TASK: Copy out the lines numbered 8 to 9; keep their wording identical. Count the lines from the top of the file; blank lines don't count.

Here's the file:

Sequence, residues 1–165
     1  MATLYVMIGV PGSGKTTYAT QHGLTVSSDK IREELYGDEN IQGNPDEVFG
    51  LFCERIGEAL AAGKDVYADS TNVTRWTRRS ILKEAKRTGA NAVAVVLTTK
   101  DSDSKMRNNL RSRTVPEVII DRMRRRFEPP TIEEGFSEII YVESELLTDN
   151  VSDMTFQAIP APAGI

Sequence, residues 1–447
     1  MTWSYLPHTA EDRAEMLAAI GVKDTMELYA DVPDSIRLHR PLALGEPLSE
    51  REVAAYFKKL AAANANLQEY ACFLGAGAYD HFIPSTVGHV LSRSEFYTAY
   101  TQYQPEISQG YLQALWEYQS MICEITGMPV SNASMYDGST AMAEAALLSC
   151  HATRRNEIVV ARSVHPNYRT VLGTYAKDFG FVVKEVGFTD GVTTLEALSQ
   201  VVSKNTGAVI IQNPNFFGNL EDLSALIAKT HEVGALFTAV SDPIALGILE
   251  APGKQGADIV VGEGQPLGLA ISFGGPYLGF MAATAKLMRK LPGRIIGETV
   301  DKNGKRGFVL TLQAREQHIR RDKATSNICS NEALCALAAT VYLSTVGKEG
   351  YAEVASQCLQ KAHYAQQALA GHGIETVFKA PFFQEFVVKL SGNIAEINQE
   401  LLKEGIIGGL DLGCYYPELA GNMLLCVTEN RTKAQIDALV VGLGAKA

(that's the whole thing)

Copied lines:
    51  REVAAYFKKL AAANANLQEY ACFLGAGAYD HFIPSTVGHV LSRSEFYTAY
   101  TQYQPEISQG YLQALWEYQS MICEITGMPV SNASMYDGST AMAEAALLSC